US Energy Policy: The Devil Is in the Details
You see, even though 28+ years have transpired, this nation still lacks a comprehensive national energy policy. While President Bush has identified it as a priority of his second term, so too had Carter, but not much materialized. Carter’s Middle Eastern triumph of Camp David was more than eclipsed by the gas rationing/lines when Uncle $ugar domestically produced 70% of our energy needs and 30% was imported, and America was held hostage in Iran. What could/should we expect now that those percentages are reversed, and America is held hostage in Iraq?
There are rumblings from Capitol Hill and the Rose Garden that there must be action on an energy plan before this Congress returns home for the July recess, but I fear there will be little substance and any action will be far from comprehensive. At the least we can expect a rubber-stamping/lip service to the Bush proposals that have surfaced thus far. Remember: a chain is only as strong as the weakest link, and the devil is always in the details.
This nation has an untapped/non-accessed repository of natural resources--oil, gas, coal, oil shale, timber and minerals. Many rest undisturbed on Federal lands protected by Executive Orders of numerous Presidents. But... what one presidential order has "protected," a later one can place on the auction block. In responding to why he had so acted on another (unrelated to energy) matter, Lyndon Johnson responded " Because I’m the President, and I can!"
Months back, we learned how Bush intends to open up the Arctic National Wildlife Refuge for energy exploration. We’re told the oil and gas are there, and we need them. Will its implementation (which is years away) solve our problems? And while we're thinking about that, we need to ask if the proposed pipeline(s) to the "lower 48" will pass through recently hyperactive earthquake sectors of South and Central Alaska.
Consider this: We can’t process/refine the oil that we already have! Since 1981, US refineries have decreased from 324 to 153--a reduction of 52%. We haven’t opened a new refinery capable of processing 200,000 barrels per day in almost 25 years. There's still an oil glut from Prudhoe Bay, but there's no ready infrastructure to share it with the Heartland, East, and South.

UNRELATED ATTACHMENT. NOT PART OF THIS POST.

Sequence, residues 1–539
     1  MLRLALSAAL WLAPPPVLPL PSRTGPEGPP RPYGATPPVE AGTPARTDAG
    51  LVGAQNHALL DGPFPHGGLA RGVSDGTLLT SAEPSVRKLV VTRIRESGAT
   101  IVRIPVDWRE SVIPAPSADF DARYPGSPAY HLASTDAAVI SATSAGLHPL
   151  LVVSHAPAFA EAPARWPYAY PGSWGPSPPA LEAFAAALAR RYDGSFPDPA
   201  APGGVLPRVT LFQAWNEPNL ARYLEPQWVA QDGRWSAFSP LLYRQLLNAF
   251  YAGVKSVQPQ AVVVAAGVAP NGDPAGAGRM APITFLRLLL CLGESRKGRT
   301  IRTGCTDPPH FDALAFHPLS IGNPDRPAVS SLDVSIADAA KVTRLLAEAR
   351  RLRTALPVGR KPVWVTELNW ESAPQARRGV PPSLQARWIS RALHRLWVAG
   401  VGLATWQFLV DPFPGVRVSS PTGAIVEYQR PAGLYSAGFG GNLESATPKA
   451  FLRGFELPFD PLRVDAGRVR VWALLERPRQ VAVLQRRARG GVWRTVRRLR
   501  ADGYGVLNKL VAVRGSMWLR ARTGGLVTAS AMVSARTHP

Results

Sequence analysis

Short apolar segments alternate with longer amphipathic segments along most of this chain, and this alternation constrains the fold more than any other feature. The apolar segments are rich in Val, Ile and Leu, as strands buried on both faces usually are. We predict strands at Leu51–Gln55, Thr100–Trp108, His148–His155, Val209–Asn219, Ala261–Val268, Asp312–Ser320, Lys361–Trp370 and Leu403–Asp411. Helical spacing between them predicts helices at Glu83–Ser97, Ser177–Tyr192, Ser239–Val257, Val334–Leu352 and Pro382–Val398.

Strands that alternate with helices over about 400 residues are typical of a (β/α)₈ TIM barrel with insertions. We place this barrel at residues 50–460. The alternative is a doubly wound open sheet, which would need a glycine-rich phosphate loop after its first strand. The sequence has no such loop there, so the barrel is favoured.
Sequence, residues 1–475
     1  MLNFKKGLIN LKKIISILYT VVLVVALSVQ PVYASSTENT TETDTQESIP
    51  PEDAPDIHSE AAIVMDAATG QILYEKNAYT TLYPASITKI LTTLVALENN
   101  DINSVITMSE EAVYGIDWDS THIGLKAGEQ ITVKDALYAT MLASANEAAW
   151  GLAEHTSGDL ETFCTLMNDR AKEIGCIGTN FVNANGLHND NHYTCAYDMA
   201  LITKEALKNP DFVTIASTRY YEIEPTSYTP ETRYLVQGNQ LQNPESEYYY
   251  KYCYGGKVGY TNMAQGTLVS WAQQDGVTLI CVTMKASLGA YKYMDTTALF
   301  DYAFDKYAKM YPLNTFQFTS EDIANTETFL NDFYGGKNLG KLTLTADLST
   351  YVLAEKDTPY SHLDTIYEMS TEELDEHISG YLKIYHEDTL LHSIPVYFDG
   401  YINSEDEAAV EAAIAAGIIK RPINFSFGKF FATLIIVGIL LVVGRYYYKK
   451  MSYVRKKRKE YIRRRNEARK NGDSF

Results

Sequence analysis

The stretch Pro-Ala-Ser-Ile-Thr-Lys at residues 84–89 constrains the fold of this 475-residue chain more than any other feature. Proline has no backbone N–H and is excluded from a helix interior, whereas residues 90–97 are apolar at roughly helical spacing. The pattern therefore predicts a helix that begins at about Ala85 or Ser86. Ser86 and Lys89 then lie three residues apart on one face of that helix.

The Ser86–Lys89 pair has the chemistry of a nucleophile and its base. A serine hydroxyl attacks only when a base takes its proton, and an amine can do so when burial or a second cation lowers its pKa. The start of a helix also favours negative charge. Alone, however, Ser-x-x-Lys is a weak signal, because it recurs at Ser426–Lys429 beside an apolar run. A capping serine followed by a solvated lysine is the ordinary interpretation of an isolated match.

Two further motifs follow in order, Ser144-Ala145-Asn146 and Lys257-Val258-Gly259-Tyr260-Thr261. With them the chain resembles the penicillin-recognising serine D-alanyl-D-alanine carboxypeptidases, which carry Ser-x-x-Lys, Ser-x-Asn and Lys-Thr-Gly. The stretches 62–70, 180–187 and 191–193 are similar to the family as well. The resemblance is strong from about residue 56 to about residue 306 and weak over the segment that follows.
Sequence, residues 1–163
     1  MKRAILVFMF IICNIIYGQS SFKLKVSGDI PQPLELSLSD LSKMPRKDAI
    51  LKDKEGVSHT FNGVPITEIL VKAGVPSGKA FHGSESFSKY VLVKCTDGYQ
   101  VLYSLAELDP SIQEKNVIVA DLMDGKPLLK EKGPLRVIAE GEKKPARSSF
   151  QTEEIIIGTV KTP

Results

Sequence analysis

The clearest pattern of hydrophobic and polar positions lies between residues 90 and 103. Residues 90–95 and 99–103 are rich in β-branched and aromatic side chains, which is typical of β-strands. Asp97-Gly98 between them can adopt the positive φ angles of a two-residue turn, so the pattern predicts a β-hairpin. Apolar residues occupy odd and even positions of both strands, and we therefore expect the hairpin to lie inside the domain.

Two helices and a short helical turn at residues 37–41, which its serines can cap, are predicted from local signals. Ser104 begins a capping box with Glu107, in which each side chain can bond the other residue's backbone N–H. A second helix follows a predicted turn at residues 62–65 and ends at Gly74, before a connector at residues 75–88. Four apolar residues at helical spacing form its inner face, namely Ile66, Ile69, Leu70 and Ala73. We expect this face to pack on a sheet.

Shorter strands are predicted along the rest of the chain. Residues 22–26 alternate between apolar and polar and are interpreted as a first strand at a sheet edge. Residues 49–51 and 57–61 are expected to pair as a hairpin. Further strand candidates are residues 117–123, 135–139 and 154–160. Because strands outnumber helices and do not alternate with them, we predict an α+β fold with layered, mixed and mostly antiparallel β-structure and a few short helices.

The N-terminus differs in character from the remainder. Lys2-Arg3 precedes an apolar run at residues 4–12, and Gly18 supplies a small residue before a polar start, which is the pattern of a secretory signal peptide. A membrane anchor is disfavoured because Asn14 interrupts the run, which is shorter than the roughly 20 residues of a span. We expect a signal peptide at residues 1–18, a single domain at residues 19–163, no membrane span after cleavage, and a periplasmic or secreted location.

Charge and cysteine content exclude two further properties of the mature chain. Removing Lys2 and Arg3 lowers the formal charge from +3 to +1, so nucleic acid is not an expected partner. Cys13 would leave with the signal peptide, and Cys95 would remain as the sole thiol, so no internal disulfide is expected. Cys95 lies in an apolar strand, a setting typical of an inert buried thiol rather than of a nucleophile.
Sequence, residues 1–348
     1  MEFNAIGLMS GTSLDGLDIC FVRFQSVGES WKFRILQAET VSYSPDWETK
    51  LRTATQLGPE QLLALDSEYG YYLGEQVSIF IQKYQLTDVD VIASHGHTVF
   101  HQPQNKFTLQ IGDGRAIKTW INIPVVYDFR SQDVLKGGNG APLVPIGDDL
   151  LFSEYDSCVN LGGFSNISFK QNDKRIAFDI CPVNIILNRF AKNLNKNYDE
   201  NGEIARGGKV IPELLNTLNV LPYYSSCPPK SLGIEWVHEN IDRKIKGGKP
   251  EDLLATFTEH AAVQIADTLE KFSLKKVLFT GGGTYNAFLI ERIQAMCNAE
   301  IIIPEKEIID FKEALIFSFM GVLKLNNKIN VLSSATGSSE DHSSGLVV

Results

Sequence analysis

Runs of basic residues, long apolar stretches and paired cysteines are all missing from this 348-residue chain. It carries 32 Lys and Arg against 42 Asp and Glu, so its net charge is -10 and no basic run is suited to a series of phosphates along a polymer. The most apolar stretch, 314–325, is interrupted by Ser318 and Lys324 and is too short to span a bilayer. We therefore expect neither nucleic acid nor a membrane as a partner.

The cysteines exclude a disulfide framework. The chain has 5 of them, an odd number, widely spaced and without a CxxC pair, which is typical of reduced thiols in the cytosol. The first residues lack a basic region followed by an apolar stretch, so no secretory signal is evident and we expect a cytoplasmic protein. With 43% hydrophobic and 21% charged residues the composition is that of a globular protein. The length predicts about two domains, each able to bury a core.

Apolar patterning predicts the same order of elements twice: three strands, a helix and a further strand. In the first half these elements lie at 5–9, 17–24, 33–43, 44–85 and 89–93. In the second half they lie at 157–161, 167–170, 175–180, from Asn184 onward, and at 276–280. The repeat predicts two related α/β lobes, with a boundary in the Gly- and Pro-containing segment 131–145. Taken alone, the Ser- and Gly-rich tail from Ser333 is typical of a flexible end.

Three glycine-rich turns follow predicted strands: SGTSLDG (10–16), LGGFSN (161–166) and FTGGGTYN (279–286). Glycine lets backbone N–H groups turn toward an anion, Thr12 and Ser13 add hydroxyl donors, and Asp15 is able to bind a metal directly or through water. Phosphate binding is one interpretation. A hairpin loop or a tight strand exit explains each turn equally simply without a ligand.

The President has suggested increasing our nuclear power generating capabilities. My electricity comes from a nuclear plant less than 30 miles from my home. There are presently 103 such plants operating in the continental US (11 in Illinois alone). The problem with such generation rests with what to do with the radioactive by-products/waste. The promised national storage site at Yucca Mountain, Nevada, has been debated for almost two decades. Despite what has already been done/spent, it would be 2010 (at the earliest) before it could accept any such multi-millennial refuse. Radioactive materials are now "temporarily" stored at the 103 reactor sites. Add to those the "temporary" storage locations for similar materials from labs, medical facilities, and military sites... the solution to the radioactive pollution of these hazardous materials is NOT dilution. We need the national storage sitefirst.
Also on the table: Recycling closed military facilities for "energy independence" and using them for additional refineries, liquid natural gas (LNG) portals, and nuclear power facilities. The conversion of such Federal sites will surely cut through a lot of red tape. But... who will hold title to the real estate? What price would be paid? Would Federal exemption from property tax levies flow to the new occupants, thereby costing local government units (and schools) millions in foregone tax revenues?
President Bush and VP Cheney have a unique opportunity here for building a lasting legacy. No predecessors shared their first-hand knowledge of (and connections to) the energy industry. Will the American people be the beneficiaries this time, or will this prove yet another twisted opportunity in Uncle $ugar’s long history of rewarding insiders, friends, and contributors in our times of need?
I’m Fred Cederholm and I’ve been thinking. You should be thinking, too.
Copyright 2005 Questions, Inc. All rights reserved. Fred Cederholm is a CPA/CFE and a forensic accountant. He is a graduate of the University of Illinois (B.A., M.A. and M.A.S.). He can be reached at firstname.lastname@example.org.
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This story was published on June 16, 2005.
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